B2B Payments

Suppliers Go Direct, Go Digital To Stand Out From The Crowd

As businesses like Amazon further creep into the world of B2B commerce, suppliers often find themselves on unstable ground.

According to Adrien Nussenbaum, CEO and co-founder of B2B eCommerce solutions provider Mirakl, you don’t have to look much further than Amazon’s Alexa to understand why.

“I was at a conference, and someone was doing a demo with Alexa,” he recently told PYMNTS. “He said, ‘Alexa, please buy batteries.’ Alexa’s response was, ‘Here are the best selling products for batteries.’ And everything Alexa was proposing were Amazon Basics-branded. If you’re another brand, you’re left out of the buying process.”

For suppliers looking to begin selling online, the competition is now fiercer than ever. Cutting through the noise to reach buyers can be overwhelming.

“That’s where there’s a need for suppliers to go direct,” Nussenbaum said, “and to do it intelligently.”

Mirakl helps suppliers take this direct approach to connect potential buyers with the online shopping experience they crave. Nussenbaum explained that this is a critical evolution in B2B trade for a few reasons. One is that this is what buyers demand.

“Because of the way they are evolving in their private lives, B2B buyers are much more digital,” the executive said. “Buyers expect to be able to have a transactional experience with their suppliers.”

Ultimately, the supplier is the “source of truth” for buyers when it comes to accurate pricing and product information, which entices them to work directly with sellers like manufacturers. But suppliers have their own motivations to not only launch an eMarketplace, but also provide one that meets their suppliers’ eCommerce needs, too.

“Suppliers are in a world where, because of how digital their customers are, they have easier access to competitive products,” Nussenbaum said.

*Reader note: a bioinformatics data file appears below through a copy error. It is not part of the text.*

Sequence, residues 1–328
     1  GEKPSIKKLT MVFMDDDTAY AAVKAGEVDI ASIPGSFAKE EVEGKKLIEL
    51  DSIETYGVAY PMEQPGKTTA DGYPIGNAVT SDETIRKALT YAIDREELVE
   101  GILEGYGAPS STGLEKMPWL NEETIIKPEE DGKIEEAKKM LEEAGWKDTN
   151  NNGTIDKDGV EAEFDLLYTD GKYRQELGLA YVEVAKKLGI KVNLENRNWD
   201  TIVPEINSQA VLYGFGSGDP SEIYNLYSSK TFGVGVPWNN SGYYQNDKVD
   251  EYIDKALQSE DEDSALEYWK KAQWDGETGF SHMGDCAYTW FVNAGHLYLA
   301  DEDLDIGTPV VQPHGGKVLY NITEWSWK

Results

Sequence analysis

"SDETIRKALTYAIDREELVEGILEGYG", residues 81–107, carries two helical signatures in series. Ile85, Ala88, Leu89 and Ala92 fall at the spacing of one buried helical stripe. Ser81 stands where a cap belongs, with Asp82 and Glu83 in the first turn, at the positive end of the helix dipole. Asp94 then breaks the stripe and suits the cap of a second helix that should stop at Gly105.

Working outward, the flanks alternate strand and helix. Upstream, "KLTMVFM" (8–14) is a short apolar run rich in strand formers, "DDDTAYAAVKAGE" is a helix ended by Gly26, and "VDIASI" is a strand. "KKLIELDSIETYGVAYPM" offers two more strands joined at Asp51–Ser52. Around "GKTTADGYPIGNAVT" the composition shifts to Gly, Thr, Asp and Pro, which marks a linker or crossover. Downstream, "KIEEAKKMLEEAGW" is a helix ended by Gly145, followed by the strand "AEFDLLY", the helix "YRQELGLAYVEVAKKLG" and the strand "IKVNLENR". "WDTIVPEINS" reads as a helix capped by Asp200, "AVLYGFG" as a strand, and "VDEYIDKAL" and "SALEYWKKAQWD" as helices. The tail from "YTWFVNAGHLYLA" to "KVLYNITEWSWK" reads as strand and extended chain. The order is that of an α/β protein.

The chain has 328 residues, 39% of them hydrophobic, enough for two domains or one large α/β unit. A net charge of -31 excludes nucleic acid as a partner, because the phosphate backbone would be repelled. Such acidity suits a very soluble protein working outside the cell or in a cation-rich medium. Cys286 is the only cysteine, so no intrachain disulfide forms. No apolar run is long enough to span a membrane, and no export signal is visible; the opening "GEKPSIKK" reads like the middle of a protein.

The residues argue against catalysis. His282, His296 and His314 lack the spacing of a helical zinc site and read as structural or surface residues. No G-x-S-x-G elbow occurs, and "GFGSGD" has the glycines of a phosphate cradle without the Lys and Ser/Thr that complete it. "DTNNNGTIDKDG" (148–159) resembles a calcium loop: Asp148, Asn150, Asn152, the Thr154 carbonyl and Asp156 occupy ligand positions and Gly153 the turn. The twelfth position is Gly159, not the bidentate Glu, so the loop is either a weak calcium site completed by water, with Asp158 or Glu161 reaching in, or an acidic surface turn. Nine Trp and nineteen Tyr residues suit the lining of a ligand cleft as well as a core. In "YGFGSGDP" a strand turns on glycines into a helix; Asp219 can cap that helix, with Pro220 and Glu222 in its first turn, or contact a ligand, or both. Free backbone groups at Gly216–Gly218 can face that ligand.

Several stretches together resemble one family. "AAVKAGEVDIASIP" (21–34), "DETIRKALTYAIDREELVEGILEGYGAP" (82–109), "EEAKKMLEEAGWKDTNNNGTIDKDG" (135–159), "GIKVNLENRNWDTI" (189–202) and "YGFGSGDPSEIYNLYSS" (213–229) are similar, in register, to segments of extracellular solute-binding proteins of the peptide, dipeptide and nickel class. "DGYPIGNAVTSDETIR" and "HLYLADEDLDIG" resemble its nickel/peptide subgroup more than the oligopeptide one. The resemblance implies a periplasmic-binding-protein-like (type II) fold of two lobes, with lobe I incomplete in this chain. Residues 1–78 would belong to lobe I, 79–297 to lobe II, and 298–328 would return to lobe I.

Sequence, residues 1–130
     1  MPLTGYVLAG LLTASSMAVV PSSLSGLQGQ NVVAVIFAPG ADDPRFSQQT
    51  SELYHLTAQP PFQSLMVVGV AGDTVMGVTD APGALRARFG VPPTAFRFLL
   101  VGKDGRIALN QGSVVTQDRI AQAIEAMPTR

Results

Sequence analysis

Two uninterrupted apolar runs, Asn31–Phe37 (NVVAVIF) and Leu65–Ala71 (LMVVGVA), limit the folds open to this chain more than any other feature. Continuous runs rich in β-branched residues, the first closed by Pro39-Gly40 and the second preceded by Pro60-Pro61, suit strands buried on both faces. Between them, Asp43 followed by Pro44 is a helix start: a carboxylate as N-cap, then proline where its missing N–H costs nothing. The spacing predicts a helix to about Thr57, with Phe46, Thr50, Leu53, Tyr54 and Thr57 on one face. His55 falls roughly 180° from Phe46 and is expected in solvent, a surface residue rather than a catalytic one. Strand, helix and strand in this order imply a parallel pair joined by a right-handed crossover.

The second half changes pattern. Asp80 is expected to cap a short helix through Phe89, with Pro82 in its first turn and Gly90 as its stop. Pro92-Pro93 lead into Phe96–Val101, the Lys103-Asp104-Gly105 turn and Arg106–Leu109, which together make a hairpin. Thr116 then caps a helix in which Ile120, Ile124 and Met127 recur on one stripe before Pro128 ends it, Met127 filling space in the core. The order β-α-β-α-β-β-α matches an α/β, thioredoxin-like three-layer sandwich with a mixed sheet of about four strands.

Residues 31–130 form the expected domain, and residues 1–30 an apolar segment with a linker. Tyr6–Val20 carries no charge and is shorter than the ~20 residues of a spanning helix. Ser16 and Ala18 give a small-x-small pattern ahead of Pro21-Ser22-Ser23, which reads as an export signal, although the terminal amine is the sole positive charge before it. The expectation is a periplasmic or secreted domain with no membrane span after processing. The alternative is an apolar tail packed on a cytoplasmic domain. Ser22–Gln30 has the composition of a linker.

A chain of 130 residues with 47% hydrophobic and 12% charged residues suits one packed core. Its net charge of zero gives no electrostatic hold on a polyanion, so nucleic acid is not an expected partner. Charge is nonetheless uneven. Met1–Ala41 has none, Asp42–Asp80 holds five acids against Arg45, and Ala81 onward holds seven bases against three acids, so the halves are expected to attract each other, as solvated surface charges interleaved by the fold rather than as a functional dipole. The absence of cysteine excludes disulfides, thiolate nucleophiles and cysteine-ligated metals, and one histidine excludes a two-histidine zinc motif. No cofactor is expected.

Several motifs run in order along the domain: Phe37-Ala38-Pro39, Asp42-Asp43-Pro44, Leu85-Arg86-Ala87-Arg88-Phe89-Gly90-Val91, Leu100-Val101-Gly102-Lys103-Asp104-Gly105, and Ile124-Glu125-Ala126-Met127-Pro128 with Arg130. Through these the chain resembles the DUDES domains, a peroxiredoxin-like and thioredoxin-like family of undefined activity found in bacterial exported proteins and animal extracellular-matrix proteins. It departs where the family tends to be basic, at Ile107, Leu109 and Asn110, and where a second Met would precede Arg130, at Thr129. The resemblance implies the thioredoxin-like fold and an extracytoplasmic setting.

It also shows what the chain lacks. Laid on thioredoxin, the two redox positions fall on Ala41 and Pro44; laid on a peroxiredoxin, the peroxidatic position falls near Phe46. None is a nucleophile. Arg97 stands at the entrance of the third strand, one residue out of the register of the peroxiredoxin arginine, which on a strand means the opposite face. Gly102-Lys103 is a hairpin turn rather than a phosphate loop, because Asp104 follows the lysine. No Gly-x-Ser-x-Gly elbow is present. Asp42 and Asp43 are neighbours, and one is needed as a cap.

Traditionally, B2B sales were quite organized, the CEO explained. Buyers would go to trade shows and work directly with field representatives to transact. “The life of a B2B buyer was originated around a lot of offline moments,” Nussenbaum noted.

But new channels like Amazon Business have disrupted the status quo, and suppliers on these portals are not guaranteed visibility to potential customers. Plus, these platforms can mean suppliers aren’t able to set themselves apart from other vendors with similar products. A single interface means buyers don’t have insight into, for instance, the research and development that goes into one supplier’s products compared to another’s.

Launching an eMarketplace also means suppliers have access to critical buyer data, Nussenbaum added, and the opportunity to offer unique services and products to differentiate themselves from the competition.

Take the battery market again, for instance. Procurement officials may just grab the top result that pops up on Amazon when buying batteries, and unless a manufacturer builds batteries for a very niche market, they will have to find another way to stand out.

“If you’re selling batteries for equipment, it makes sense for you to protect yourself from the competition by building an ecosystem in which you potentially tie that product with other services or complimentary products,” Nussenbaum explained, adding that often times, suppliers aren’t able to do so when selling through an aggregated marketplace like Amazon Business.

Payments features via third-party FinTechs can be a great way to ensure customer satisfaction, and according to Nussenbaum, B2B payments companies have begun to jump at the opportunity to develop solutions for these emerging platforms as more suppliers go digital and direct.

“The ecosystem of companies has grown to offer services around payments,” he said. “They are building solutions to facilitate B2B payments in the context of B2B marketplaces, and they’re bringing fluidity to the overall process.”

According to Mirakl, B2B traders are witnessing a “spring” of B2B marketplaces. But the evolution of B2B commerce continues.

“The more B2B companies embrace digital, the more it results in a transformation of the value chain,” Nussenbaum said.

To the CEO, value chains are a set of many, many arrows facing multiple directions, with players across supply chains all operating in their proprietary ways.

“eMarketplaces offer the ability to regroup these arrows and create more ecosystems,” he continued. “It’s realizing the fact that digital breaks the longtime established barriers that resulted in a very fragmented and intermediated value chain to create more open ecosystems.”

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